Living in Berkeley in the co-ops is one of the most incredible things I have...
Living in Berkeley in the co-ops is one of the most incredible things I have ever experienced in my life. The Alumni of the University of Otago in America Award helped to make this experience possible, and I am extremely grateful to have had this opportunity.
While attending the University of California, Berkeley, I lived in two different co-ops. The co-ops have been described as “the real Berkeley experience” (by at least one person living in a co-op) and they are like large flats. Some students are elected as “managers” to make them function. The houses range from seventeen people to over a hundred. They have a lot of social events and were a great way to meet lots of American students. They are also way cheaper than any other housing in Berkeley.
There was a lot of freedom in the co-ops. They were covered in murals and members could paint, draw, or write on the walls in any white space. Members were even allowed pets. There was a lot of vegan and vegetarian food, and people were very friendly, accepting, and open-minded. Each co-op was run democratically and members could voice their opinions and vote on just about everything.
New co-opers had one or two roommates. This was a great way to get to know people really well, and I think a great experience for everyone to have at least once in their life. I lived in two co-ops – first Stebbins for two months, and then Casa Zimbabwe for two and a half months. I liked Stebbins, but I wanted to experience CZ as well.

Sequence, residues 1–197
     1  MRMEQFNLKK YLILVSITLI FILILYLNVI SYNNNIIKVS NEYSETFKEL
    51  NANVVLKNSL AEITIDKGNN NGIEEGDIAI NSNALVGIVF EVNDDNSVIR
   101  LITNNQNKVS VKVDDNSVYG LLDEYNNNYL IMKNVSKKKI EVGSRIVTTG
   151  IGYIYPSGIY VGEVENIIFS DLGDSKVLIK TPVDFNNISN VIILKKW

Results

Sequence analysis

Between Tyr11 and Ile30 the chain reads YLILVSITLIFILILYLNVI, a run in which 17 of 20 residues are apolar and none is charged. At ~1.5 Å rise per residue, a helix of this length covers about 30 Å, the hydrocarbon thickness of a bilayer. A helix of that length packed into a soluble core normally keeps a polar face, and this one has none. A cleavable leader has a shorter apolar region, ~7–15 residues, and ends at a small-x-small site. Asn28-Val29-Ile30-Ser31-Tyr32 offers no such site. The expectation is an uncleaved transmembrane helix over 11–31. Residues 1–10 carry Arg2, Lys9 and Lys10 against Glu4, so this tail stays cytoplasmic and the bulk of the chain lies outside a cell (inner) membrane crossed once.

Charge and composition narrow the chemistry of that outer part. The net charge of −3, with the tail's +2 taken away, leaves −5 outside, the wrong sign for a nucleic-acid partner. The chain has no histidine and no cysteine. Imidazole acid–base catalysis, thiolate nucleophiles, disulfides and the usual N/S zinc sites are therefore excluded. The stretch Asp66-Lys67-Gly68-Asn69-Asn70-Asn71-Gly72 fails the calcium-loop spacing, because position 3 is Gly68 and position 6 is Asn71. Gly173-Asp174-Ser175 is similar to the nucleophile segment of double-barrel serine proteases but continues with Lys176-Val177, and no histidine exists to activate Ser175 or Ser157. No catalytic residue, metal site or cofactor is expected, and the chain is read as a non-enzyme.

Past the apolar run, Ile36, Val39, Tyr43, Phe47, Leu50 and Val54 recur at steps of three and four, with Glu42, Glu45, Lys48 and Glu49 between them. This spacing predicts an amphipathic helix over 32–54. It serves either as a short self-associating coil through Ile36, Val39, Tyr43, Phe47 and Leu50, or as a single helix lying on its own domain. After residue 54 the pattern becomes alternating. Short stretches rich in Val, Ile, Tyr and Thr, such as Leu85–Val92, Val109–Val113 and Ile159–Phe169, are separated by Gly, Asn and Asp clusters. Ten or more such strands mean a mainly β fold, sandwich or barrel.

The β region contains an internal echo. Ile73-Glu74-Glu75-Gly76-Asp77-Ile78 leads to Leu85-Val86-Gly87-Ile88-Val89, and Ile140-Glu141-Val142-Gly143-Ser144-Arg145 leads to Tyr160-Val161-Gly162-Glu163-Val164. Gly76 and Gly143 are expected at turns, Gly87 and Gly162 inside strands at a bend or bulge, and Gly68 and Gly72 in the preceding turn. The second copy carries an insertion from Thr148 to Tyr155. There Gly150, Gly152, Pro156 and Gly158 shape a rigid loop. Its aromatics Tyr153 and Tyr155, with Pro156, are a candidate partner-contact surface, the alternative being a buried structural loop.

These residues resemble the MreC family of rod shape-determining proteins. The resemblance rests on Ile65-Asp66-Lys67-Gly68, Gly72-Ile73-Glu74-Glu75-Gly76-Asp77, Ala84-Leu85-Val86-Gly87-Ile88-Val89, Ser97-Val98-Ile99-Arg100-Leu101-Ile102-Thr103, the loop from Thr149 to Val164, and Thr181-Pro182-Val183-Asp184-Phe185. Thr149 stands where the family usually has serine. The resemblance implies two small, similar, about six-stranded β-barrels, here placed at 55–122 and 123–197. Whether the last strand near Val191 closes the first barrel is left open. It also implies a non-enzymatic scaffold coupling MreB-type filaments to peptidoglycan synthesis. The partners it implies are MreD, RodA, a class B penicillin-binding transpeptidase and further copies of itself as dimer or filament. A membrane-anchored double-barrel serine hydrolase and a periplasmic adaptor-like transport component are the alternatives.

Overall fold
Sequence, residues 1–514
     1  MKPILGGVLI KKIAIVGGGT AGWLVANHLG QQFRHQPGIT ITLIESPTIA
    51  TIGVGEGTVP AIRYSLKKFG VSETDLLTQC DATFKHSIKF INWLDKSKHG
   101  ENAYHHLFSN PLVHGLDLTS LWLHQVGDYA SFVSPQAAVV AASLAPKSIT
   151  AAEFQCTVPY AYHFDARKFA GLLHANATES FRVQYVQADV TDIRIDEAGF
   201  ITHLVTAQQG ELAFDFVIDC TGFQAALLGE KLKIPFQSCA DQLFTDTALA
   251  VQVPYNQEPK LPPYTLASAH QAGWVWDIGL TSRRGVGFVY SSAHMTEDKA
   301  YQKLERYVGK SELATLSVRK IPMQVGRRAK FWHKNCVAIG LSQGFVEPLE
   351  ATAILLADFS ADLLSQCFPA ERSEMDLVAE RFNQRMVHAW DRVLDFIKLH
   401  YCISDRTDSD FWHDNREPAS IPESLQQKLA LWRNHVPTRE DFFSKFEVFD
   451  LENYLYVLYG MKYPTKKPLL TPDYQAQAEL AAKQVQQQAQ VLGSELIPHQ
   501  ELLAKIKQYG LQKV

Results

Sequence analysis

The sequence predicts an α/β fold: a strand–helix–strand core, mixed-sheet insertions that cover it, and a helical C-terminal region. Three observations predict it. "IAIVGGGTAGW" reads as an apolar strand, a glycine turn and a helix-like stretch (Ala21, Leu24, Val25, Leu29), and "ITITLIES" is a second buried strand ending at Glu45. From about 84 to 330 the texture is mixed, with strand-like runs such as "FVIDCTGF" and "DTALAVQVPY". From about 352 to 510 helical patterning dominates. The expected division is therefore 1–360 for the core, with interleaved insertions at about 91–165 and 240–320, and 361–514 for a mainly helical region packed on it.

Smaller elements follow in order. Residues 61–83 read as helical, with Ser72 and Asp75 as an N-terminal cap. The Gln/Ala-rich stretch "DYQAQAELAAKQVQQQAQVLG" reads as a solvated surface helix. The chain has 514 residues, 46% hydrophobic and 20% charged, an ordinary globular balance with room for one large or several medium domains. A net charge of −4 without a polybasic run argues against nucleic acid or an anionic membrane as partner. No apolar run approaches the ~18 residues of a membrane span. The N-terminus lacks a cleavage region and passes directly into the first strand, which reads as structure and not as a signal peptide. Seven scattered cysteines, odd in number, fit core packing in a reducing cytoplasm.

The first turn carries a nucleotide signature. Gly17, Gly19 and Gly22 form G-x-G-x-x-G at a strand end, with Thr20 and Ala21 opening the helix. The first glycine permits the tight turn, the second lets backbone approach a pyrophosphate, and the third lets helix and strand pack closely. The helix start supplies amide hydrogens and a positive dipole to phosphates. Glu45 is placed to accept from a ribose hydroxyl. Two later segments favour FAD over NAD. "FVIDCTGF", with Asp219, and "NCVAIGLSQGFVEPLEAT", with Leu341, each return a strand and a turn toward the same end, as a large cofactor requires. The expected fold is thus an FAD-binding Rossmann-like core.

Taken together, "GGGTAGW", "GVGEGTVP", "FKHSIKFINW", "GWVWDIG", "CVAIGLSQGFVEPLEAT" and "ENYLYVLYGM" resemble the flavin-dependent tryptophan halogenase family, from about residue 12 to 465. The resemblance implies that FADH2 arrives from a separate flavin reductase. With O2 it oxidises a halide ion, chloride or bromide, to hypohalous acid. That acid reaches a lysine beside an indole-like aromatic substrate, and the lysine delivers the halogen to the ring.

Stebbins was my introduction to co-ops, and living there made me a more caring person. There were sixty-seven people there, but it didn’t feel big. Stebbins was very welcoming and homely. The managers really cared about all the house members, and the democratic style of living was taken seriously. Everyone knew almost everyone and there was an emphasis on offering emotional support to house members. Before dinner, everyone lined up on the steps and chatted before serving themselves dinner in an orderly fashion and sitting down to talk about their day.
People at Stebbins were mostly pretty academic, but they also had some fun parties (although not as many as at CZ). House members frequently planned things like beach trips and invited the entire house. Stebbins felt like living in a big, warm home. The house was cleaner than CZ, although sometimes messy. I was comfortable at Stebbins, but I wanted to experience more.
I moved into CZ after hearing interesting stories, and to have a real experience. Every inch of every wall was lined with art – beautiful creatures, poems, and every strange and unique thing imaginable was there. There were lots of social activities. There was always someone new to talk to, some new piece of art to look at, and something completely unexpected happening. At dinner, there was loud music playing and general chaos.
Just walking down the street in Berkeley was interesting because of all the dynamic people. There was once an entire week of protests. Student dance clubs were always practicing, and sometimes performing. There were lots of stalls selling hippie art and jewelry on the side of the street.
The food in Berkeley was delicious and I tried to eat at as many places as possible when I wasn’t eating in the co-ops. Berkeley was also so close to San Francisco, which was incredible! I was so interested in getting absorbed in the Berkeley culture that I ended up not doing a ton of travelling outside of Berkeley and San Francisco, but I definitely experienced plenty.
Overall, my exchange experience was absolutely mind-blowing and incredible. Berkeley and living in CZ and Stebbins made me grow so much as a person. Semester two 2017 has easily been the most eventful four months of my entire life, and my life as a whole has been pretty eventful. I met so many amazing, unique people, had so much fun, and learned so much about humanity, the world, and myself. I have made so many memories that I will look back on for the rest of my life. I am very grateful to be a recipient of the AUOA scholarship which helped to make this experience possible.